Two years ago I was sitting with friends in Mexico, chatting with them about their experiences as mothers, contemplating if I wanted to have children of my own one day. One thing they said really stuck with me– as a parent, you don’t own your children and they’re not extensions of you. They are their own people who will develop into who they need to be, and they will ultimately inform you about who they are. A parent’s job is mainly to love them, provide resources, and keep them safe.

This is a regular reminder for The Scarlet Tongue Project. I brought her into the world, gave her some form, and now she’s taken on a life of her own. Rather than being the owner or queen of this work, my job is far more service than glory. I’m trying to be better at asking her, “who are you today? What do you need to thrive?” Sometimes I have no clue what she’s trying to tell me. Sometimes we need to explore that a little bit to figure it out. Sometimes we take one or two wrong turns before getting back on track. But I trust the friends and caregivers she’s called forward to help on this journey. It’s a constant balance of appreciating growth while remaining present, and frequently reminding my ego to step out of the way. In moments of absolute frustration, I simply ask myself, “have you tried absolutely everything?” and the answer is always no. There is always more to do and more to learn. I can’t justify giving up when there is still infinite potential available.

Our relationships always flow in cycles. One day you’ll be super in sync with a friend or loved one, and the next you can’t seem to jive with their energy. Life will happen, circumstances will change, and then days, weeks, months or years later, you’ll fall back in harmony. In long-term romantic relationships, you cycle through periods of absolute infatuation, then wanting to murder each other, and sometimes being platonic roommate besties. I don’t have actual children, but I do believe there are so many different ways to live the archetype of Parent. It’s no secret that with parenthood comes doubt and overwhelm, along with joy and love. One minute you can’t get enough of your babies, and the next you’re hoping someone will take them away for a month so you can get some sleep and remember who you are outside of them. While love remains, inspiration and interest come in cycles. Life, death and rebirth apply to the creative process as much as they do to the larger natural world. Winter in the creative process is crucial for letting things rest, assessing our previous work, and contemplating where we want to go before implementing a plan in the creative spring.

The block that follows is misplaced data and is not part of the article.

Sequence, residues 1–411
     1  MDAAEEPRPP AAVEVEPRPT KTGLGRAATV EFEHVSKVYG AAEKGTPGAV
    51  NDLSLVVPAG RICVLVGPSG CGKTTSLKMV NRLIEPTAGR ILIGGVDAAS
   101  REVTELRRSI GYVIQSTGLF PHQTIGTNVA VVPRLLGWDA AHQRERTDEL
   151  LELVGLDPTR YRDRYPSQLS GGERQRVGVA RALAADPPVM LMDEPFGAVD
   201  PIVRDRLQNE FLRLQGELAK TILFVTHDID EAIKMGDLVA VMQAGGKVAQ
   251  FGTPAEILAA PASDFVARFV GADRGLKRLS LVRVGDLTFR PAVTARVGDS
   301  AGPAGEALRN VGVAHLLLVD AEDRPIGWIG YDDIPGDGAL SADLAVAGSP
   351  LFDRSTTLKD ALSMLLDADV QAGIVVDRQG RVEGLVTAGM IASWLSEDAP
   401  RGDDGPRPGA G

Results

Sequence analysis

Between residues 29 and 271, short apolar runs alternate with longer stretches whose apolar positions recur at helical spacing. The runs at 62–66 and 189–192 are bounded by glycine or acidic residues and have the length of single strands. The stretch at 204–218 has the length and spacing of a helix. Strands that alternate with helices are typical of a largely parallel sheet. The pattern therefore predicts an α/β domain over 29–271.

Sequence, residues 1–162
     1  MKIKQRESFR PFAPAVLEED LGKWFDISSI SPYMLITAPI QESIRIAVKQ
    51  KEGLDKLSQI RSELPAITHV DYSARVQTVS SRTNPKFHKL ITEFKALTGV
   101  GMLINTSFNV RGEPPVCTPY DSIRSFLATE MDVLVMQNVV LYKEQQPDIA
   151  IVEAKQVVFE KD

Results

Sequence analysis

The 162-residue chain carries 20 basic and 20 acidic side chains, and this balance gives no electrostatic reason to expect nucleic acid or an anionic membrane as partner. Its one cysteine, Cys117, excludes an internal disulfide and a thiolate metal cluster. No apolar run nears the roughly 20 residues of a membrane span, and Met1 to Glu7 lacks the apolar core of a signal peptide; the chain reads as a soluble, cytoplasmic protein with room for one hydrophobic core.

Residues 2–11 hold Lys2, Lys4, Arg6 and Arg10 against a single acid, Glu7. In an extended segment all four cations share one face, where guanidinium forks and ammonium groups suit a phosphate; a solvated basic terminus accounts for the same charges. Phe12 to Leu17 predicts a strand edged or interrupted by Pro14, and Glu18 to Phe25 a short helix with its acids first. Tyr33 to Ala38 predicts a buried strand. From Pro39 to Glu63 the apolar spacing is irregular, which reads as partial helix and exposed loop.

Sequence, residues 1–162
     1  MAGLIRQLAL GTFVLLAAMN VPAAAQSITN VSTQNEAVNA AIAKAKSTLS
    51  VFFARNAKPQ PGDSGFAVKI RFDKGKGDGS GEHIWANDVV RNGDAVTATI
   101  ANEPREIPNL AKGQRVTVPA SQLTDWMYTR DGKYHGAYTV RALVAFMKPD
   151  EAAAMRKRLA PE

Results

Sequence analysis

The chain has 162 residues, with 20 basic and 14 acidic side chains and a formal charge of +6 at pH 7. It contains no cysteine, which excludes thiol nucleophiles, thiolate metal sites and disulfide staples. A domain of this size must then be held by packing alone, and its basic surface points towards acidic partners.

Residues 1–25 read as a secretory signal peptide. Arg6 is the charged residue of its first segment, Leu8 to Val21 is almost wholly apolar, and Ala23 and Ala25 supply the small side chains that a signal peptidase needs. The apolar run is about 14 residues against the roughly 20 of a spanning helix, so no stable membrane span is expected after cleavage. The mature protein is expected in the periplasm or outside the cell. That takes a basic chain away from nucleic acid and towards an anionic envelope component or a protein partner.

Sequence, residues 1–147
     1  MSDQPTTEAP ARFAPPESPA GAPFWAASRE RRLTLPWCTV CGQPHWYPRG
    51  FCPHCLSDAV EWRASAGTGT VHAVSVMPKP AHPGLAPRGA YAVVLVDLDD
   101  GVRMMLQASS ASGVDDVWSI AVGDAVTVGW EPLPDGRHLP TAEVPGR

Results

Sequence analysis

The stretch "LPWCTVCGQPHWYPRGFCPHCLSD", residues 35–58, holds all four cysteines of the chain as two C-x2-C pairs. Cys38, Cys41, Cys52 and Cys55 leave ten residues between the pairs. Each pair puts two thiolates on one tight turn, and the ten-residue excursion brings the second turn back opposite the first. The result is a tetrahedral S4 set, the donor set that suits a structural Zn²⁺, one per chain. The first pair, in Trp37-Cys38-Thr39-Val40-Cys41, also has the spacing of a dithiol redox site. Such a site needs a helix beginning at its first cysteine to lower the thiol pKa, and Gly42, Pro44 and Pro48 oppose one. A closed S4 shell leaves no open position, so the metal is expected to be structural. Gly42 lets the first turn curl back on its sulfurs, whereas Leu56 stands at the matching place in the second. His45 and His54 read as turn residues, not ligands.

The work my team puts into this project continues to stun and humble me in gratitude. Every single person who takes a moment to tell me how this project has helped or inspired me has given me fresh life. Watching this whole thing come to life is surpassing my wildest dreams, even with the path being full of twists and turns. I don’t have to always like this project, and it’s liberating to admit that. But I love her on both an intellectual and soul level, and that’s what allows me to push through. This project is all about rawness, authenticity, and speaking your truth. It would be hypocritical if I encouraged everyone else but myself to be in that energy.

I wish you all creative spring through your moments of wanting to light it all on fire and send the ashes out on trash day <3